What are the biggest factors for this change?

There are a couple of trends taking place. One is the maturation of B.C. businesses. About 20 years ago there were a lot of businesses, particularly in the technology industry, that were just getting started. Those companies have now have become large enough that they are able to look at new markets to expand into.

There are also family businesses that were started years ago by people who immigrated to B.C. from the Pacific Rim and are turning it over to their children, and they are looking at the U.S. market. As they look to expand, they look at Whatcom County because it's so close.

What problems or challenges do you see?

What I see being hurt in the coming years is the local tourism and hospitality industries, unless there are changes to the border. We need something consistent at the border that can be easily obtained by travelers, such as a passport-lite document.

Business people are pragmatic; they'll do whatever is needed to make sure they can get across the border. But for a Canadian who wants to go skiing at Mount Baker or a Whatcom County resident who wants to eat dinner at White Rock, getting hung up at the border is a problem that they'll tell five other friends about.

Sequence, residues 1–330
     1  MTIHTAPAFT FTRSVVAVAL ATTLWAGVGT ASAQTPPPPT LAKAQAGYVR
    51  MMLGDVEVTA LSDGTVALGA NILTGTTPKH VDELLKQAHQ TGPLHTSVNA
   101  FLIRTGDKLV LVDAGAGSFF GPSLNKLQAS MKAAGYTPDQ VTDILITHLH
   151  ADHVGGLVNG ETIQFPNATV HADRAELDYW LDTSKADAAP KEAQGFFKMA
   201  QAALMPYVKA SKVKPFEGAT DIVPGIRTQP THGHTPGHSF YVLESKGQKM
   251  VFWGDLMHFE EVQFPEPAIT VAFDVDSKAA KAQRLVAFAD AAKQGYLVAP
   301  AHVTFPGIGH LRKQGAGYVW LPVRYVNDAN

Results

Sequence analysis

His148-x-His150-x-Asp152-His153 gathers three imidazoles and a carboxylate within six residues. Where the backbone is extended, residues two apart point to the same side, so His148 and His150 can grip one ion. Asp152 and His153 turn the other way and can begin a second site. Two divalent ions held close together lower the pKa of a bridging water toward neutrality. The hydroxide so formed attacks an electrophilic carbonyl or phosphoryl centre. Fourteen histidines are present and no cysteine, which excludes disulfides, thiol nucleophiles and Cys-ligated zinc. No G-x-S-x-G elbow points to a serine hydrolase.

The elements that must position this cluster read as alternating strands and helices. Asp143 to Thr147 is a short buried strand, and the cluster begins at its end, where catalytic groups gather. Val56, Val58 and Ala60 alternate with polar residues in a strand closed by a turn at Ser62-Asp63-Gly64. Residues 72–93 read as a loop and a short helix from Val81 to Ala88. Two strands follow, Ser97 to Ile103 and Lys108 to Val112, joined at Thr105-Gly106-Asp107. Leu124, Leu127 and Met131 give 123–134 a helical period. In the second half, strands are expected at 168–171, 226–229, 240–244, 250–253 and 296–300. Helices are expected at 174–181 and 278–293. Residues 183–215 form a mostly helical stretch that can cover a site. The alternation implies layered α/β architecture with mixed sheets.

How about for businesses trying to enter the U.S. market?

The biggest problem I see for these businesses is dealing with the size of the U.S. market. The key for many of these businesses is to do niche marketing - they probably won't do well selling to the Wal-Marts, but they can do better with mid-size companies that are looking for unique products.

If they can come down here and get their product in a store like Hardware Sales or Yeager's, it's a good starting point.

They also have the advantage of working with the business. . the owner can drive down here to deal with any problems.

What impact has the strong Canadian dollar had?

When the Canadian dollar was weak, Canadian businesses wanted to sell here for the American dollar. With the strong Canadian dollar, companies are sharpening their pencils and figuring out ways to outsource more to keep their currency.

When we first started, many Canadian companies tried to take advantage of the U.S. dollar and ride that strength.

Today Canadian companies are more apt to establish themselves when they are ready to expand into the U.S. market and not worry as much about the currency.

One advantage for the companies is they can buy real estate at a discount, so you're seeing more investment in Whatcom County.

What should Whatcom County be doing to further encourage business investment from British Columbia?

Whatcom County should think of itself as an incubator county. That's the way this area should be marketed.

There are already many small companies in this area that are primed for growth, and we should encourage it. That's much easier than trying to get a large company to relocate here.


Reach Dave Gallagher at 715-2269 or